Acts 9:36-43; Revelation 7:9-17
The season of Easter continues and in our reading from the Book of the Acts of the Apostles the power of the risen Lord is rippling though the ancient world. Our passage takes us to a place called Joppa where we are told of the death of a much-loved seamstress called Dorcas. And we are told of the grief of the community there at her passing, and especially a group of widows who were no strangers to death and loss and who seem to have been especially close to Dorcas. Then we read of Peter entering the upstairs room where Dorcas is laid, sending everyone else out. And we imagine Peter alone in that room with the body of Dorcas. The late, great Irish poet Seamus Heaney wrote a poem called Funeral Rites, set in the context of the troubles in Northern Ireland. In it he imagines himself lifting the coffins of dead relations:
They had been laid out
in tainted rooms,
their eyelids glistening,
their dough-white hands
shackled in rosary beads…
Their puffed knuckles
had unwrinkled, the nails
were darkened, the wrists
Maybe that is how it was for Dorcas, without the rosary beads of course. But suddenly her eyelids are open, her dough-white hands are moving, wrists reaching out as new life pulses through this body. And then the widows are singing as joy comes to Joppa.
The passage describes the death of a strong and much-loved woman. I know that death and funerals are not a topic we like to think or talk much about in our society, but I thought that this passage might afford an opportunity for us, especially in this Easter season, to reflect a little on death and funerals and what we are doing in them.
And the question I want to consider this morning is ‘who is the funeral for?’ Where is the focus of the funeral service? Is it all about the deceased, the person who has passed away? Or is it for those who are left behind, the loved ones and the mourners? And I would suggest that there is rather more to this than meets the eye and that in fact the funeral is in fact aimed in four directions.
So firstly, at least for the Christian church, the funeral service is for God – or, put better, it is first and foremost an offering of worship. For the Christian church the funeral service is an act of praise and not primarily a celebration of the departed or an act of pastoral care for the mourners. So the first priority is gratitude to God and the proclamation to the world of Christ’s triumph over death – as reflected in this story by the raising of Dorcas. And here I want us to notice an important shift in our understanding and practice of funerals in recent times. If we were to go back to the Reformation in the 16th century, when various distortions of the medieval Roman Catholic church were being corrected, the whole service would have focused on God and the promise of resurrection. Nothing would have been said about the deceased. That was not the focus. Nowadays, however, a huge amount of attention is paid to the deceased. People give eulogies and tributes. A person might choose favourite hymns for their funeral or, more likely in this secular age, favourite songs or music. I gather that – at least until recently – the favourite songs that accompanied people out of this world were Frank Sinatra’s My Way and, at least with cremations, so I’m told, ‘Smoke Gets In Your Eyes’. In previous eras however this was not how it was done. The funeral was not the celebration of the life of the person who had died, it was a celebration of the Gospel. It was worship.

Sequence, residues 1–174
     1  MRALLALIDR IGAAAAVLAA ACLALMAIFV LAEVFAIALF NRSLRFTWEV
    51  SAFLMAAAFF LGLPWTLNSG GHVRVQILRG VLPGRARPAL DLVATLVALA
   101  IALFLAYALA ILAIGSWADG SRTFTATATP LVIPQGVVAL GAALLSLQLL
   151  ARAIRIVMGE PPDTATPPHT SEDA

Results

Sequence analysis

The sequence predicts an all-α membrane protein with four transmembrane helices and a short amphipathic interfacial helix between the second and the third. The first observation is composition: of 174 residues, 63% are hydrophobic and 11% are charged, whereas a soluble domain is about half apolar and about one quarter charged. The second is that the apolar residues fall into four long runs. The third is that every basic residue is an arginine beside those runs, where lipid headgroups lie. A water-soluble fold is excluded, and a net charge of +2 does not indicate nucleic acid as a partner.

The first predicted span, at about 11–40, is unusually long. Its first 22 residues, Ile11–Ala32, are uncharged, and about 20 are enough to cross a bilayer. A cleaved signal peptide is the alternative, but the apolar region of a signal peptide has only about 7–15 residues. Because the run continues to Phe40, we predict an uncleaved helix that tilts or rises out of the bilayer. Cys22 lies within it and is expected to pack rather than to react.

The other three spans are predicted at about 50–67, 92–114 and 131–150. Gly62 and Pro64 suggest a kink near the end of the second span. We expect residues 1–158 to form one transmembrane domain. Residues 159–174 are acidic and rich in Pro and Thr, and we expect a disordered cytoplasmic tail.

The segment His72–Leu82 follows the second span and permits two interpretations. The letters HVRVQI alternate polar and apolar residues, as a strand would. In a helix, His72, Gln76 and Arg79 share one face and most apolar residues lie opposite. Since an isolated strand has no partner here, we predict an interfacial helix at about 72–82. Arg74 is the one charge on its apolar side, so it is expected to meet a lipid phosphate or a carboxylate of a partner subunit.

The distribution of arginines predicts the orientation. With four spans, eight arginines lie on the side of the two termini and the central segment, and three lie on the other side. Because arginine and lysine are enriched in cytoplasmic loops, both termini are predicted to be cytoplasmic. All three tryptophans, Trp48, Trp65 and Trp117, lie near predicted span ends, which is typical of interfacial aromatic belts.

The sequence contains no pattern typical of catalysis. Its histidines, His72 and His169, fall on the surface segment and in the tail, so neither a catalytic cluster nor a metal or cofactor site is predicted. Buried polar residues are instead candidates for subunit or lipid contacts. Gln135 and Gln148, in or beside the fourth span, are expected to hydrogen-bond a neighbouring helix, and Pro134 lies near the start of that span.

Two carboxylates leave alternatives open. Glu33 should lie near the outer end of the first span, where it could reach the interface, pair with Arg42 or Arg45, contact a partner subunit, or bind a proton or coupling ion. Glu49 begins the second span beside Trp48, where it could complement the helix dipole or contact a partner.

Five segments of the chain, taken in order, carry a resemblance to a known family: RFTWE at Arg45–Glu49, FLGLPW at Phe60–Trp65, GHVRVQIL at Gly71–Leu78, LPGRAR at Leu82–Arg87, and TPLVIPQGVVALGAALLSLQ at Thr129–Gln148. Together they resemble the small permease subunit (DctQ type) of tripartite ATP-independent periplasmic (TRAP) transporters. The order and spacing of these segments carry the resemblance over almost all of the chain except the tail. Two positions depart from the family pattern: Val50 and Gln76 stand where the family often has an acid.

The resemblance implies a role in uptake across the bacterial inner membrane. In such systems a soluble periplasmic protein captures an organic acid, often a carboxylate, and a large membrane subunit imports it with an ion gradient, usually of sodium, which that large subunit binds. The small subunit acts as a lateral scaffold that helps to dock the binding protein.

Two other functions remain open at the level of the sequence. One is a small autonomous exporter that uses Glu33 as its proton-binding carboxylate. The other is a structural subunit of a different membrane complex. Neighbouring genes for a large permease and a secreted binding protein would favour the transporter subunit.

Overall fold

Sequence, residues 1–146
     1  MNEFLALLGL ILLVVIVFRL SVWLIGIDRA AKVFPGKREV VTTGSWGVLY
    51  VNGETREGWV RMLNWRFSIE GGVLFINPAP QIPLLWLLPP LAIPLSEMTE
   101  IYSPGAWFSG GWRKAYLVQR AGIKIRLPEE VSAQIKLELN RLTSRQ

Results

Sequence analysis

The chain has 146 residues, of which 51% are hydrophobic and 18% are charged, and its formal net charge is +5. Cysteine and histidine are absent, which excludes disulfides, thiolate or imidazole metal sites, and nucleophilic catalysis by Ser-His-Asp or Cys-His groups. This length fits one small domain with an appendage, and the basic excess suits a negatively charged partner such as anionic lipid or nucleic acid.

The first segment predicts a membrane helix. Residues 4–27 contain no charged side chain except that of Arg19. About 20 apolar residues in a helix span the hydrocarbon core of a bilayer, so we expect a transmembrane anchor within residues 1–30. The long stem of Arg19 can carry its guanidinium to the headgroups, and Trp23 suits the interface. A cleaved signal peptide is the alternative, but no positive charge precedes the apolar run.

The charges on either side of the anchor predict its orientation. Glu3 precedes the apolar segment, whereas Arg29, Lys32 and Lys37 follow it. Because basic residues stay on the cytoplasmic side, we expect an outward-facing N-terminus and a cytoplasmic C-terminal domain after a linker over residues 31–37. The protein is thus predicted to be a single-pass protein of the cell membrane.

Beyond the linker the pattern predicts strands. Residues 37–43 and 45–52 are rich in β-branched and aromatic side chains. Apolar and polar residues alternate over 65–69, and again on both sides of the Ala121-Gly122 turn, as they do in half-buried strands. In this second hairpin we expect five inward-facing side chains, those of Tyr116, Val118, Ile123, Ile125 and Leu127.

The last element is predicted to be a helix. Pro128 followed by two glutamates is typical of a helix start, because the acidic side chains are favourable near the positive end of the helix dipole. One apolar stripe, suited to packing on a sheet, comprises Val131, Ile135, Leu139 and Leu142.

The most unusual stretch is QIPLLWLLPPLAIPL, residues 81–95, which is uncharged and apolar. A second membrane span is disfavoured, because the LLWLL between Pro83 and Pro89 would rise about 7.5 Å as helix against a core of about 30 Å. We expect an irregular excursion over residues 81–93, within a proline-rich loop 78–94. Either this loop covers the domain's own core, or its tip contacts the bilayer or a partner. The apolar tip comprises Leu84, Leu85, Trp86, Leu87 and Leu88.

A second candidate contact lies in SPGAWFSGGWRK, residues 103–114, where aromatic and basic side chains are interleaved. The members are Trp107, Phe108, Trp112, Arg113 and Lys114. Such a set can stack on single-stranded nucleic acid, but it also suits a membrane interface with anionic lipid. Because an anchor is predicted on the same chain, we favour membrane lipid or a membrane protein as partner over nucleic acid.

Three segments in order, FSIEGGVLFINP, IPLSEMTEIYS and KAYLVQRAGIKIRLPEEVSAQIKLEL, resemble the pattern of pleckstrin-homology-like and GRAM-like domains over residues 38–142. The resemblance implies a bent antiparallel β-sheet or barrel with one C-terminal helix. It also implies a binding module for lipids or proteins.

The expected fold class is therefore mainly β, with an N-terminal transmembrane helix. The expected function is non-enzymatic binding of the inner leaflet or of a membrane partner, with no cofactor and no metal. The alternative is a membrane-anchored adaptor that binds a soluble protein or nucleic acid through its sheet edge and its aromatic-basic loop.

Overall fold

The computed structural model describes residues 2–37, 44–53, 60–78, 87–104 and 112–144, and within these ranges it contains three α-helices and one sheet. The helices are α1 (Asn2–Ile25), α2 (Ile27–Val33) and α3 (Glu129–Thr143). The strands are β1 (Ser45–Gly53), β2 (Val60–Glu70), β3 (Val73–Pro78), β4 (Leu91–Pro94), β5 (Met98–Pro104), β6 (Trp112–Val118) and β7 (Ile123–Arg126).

I am reminded of the Book of Job in the Old Testament which tells of how a man called Job lost all his loved ones in one tragedy after another, and when all this has been recounted we read, ‘then Job arose, tore his robe, shaved his head, and fell on the ground and worshipped.’ And of course Job didn’t know anything about the resurrection of the dead or of new life beyond this one, yet in the face of death he worshipped God. And how much more should we who believe in the risen Lord? And of course it’s hard – very hard – when the deceased is young or the death has been cruel and it may take a long time to get there, but ultimately the Christian response to death is to worship the God who has defeated it. That is the primary purpose of the funeral.